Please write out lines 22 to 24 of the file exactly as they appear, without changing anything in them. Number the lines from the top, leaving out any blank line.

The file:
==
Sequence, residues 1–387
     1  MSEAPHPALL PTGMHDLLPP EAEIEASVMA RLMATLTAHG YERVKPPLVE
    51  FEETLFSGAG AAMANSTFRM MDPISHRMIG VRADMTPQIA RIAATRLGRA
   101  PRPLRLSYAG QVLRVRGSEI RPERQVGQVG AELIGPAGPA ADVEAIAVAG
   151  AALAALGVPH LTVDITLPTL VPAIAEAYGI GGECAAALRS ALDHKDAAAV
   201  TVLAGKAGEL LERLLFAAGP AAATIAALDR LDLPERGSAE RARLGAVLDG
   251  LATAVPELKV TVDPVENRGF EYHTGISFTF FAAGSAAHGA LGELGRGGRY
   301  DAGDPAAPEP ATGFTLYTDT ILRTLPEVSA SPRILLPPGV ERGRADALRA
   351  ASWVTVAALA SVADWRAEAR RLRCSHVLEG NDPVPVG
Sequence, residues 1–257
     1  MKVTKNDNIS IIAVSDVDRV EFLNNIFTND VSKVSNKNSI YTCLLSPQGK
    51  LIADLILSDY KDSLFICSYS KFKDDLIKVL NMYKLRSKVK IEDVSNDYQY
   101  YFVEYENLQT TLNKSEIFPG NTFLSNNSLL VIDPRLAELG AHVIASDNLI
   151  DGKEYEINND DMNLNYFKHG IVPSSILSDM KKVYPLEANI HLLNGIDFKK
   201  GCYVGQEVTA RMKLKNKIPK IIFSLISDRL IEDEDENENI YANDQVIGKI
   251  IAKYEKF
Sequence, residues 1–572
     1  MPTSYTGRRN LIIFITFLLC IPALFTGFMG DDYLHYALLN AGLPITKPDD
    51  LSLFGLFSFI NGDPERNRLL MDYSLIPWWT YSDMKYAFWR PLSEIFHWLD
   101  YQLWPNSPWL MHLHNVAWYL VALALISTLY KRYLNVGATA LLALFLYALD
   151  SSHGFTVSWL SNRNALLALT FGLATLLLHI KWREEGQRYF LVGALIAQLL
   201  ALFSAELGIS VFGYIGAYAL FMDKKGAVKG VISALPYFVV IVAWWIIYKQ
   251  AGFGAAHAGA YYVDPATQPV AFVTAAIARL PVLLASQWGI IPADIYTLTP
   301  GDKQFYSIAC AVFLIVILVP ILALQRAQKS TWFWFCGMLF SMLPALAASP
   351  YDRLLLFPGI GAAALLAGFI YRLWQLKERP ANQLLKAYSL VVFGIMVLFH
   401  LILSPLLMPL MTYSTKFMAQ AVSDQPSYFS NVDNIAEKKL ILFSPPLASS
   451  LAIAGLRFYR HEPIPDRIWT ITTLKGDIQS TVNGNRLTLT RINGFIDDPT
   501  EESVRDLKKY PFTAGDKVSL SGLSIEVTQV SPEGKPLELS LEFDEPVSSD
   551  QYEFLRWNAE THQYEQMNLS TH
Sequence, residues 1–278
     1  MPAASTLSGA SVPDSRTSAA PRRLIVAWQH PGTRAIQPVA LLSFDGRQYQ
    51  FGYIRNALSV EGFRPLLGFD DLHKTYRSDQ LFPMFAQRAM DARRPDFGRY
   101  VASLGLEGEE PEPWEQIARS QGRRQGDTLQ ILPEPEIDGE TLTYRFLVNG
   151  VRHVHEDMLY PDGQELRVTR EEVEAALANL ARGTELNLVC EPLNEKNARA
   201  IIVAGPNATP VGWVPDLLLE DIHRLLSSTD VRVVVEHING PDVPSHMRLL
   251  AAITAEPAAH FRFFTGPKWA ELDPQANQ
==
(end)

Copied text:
   201  ALFSAELGIS VFGYIGAYAL FMDKKGAVKG VISALPYFVV IVAWWIIYKQ
   251  AGFGAAHAGA YYVDPATQPV AFVTAAIARL PVLLASQWGI IPADIYTLTP
   301  GDKQFYSIAC AVFLIVILVP ILALQRAQKS TWFWFCGMLF SMLPALAASP